When you are on a road trip, how many hours do you clock per day on the road? Do you begin before dawn? Is your time behind the wheel variable from day to day? Do you establish two destinations, one readily attainable and then a farther one to hit if you are feeling strong?
One online conversation discussed this exact question, beginning with the following post on a social group page:
Does anyone have good strategies for long travel segments? When we head out West from NY, we usually drive 15+ hours/day for 2.5-3 days with stops at hotels or even truck stops. As we've gotten older, this approach has lost some of its appeal. We've thought about stretching the three-day journey out to five or six days of driving with planned stops at campgrounds along the way, but that seems like it might almost be worse. What's worked for you for 2,000-mile trips?I've categorized the responses--had fun doing so--and here are the possibilities. Which category do you fall into?
Enjoy the Journey
These tiny trailer travelers belong to the "Never Over 300 Miles" club. And it's not such a bad club to join. The motto for the under 300 club is “It’s about the journey, not the destination.” You can also include advice about stopping to smell the roses and how slow and steady wins the race. I place myself in this category, especially when driving solo. If I have my wife to also drive, then maybe the mileage could stretch.
The Run and Rest Strategy
This travel strategy is to put in one or two days of driving with long hours, and then to take two days off. This strategy makes sense, but I have not yet used it. I'm kind of thinking, "OK, am I going to be more rested driving sixteen hours in two days and then taking two days off, or would I be more rested just driving four hours a day for four days?" For a thirty-two hour trip, which would be better: 1) to drive sixteen hours, rest for two days, and then drive for sixteen hours for another couple of days before arriving at the destination, having taken six days, or 2) to drive for five hours and twenty minutes for six days straight? I'm not sure. What do you think?
The Run and Roost Strategy
This strategy for a long-distance drive is just a more extreme version of the above strategy. For instance, using the thirty-two hours of driving time from the Run and Rest Strategy, the Run and Roost would be to drive eight hours a day for four days, arrive at a good spot, and then stay there for five days or so. For me, the advantage of this strategy is that I would get to set up and stay in one place for a longer time. The disadvantage is that I might be so tired that my stay would be more recuperation rather than recreation. Both of these strategies, because they include the "Run" component of days with long miles, mean that interaction with the environment is at a minimum.
Love the One You're With
I have come to appreciate the advantages of the strategy that says, "The grass isn't really greener on the other side of the fence. Find the beauty close by--it's there if you look." Within an hour and a half drive of my home, there are four state parks, many county park campgrounds, and a half dozen Army Corps campgrounds. A three-hour round trip is much easier (and more inexpensive) than a sixty-four hour round trip drive, using the above drive times. Another advantage of this strategy is than if the drive-time in days was five each way, a two-week camping time could be extended from fourteen days to twenty-four. Not bad!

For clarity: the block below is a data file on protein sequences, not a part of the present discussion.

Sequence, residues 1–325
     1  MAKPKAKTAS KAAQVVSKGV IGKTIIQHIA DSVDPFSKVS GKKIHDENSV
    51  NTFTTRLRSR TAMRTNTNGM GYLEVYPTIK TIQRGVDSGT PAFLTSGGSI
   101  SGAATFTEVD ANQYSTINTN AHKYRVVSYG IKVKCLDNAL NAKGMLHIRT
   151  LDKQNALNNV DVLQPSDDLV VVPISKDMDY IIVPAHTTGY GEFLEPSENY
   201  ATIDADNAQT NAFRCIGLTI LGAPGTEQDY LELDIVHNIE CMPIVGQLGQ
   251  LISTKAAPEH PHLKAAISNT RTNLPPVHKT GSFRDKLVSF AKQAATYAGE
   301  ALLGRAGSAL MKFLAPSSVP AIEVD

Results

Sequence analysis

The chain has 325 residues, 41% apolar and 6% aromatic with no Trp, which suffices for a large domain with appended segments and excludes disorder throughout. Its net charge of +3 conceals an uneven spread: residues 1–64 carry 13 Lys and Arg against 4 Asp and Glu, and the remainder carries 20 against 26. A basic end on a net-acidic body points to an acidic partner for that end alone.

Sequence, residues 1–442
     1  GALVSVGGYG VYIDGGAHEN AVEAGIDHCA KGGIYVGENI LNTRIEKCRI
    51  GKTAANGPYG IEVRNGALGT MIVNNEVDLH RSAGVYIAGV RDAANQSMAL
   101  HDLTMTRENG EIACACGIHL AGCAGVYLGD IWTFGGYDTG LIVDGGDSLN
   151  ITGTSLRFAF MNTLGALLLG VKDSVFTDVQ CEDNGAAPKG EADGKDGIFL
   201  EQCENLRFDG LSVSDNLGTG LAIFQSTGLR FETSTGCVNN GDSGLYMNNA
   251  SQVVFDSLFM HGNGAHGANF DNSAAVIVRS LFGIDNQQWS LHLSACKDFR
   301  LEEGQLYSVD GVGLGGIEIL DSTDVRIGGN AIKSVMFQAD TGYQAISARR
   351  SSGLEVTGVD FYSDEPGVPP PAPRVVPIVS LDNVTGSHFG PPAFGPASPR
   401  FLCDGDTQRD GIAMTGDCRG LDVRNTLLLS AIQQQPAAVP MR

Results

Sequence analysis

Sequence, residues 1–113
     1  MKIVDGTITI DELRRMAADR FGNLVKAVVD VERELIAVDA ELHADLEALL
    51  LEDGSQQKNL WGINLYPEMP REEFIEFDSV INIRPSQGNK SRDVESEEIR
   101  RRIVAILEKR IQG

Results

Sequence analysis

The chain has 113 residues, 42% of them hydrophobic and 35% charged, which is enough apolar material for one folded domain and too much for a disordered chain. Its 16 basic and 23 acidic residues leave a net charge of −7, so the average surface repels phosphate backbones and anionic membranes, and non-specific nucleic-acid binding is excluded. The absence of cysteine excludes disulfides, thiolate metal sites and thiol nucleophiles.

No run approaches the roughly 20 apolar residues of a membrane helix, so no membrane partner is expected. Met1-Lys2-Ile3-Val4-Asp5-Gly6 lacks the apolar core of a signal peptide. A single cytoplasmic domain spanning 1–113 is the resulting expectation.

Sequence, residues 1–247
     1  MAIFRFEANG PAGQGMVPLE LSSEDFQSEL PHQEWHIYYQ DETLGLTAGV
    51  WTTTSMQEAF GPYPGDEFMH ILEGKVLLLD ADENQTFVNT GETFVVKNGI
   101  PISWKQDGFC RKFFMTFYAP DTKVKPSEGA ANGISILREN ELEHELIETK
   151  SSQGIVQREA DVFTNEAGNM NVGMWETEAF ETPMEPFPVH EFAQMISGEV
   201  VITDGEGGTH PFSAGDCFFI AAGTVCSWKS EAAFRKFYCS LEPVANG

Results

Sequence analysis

However, honestly, traveling with my wife and just spending time chatting with her is great fun. My dad around ten years ago gave my son his 1976 Ford F-150. All my wife and I had to do was to drive it two thousand miles back from California to Iowa. That was quite an adventure for us because we discovered (even after we'd had the pick-up checked out) that there were a few issues we hadn't realized. We finally decided that if it broke down, we'd just have it towed to the nearest gas station, give it away, and take a bus home. Then we loosened up and enjoyed the ride--and we made it home!
Driven by Necessity
Another reality is that sometimes you just have to take a hit for the team. If there's a place you have to be and you start late, then you're going to have to drive long hours to get there. Another wrinkle on this reality is that you're on vacation, have a specific destination, want to spend as much time as possible there, and then you have to get back to work. You might choose to spend four very long days on the road in order to have ten wonderful days camping at park of your dreams. I get that, and now that I'm retired, I'm glad that I have more flexibility.
All the comments about driving time were interesting, yet there was one subject that was never addressed directly--that driving fatigue can be dangerous. Falling asleep at the wheel is a very real danger. I think that it's a good sign that no one in the online discussion directly addressed the danger of driver fatigue. I think it was a reality that was tacitly acknowledged and accepted by the commenters. There was the understanding that no one should or did drive to that level of fatigue among those commenting, so no one got on a soap box to shout.
I found from my recent 2,600-mile trip that I don't like to drive at night on strange freeways, as I discovered with a few pre-dawn starts. I also found that on my solo trip I was most comfortable with drive times between 5-6 hours, which put me down the road 200-300 miles. I also learned to read my maps and chart my routes around large cities if possible. These were personal realizations. Yes, I own a travel trailer, but I've discovered that traveling is really the means to an end, that I pull my trailer so that I can pull into a campground. I've told my wife before that I'm no Daniel Boone; I suppose I'm no Marco Polo, either.
How about you? What's your travel style?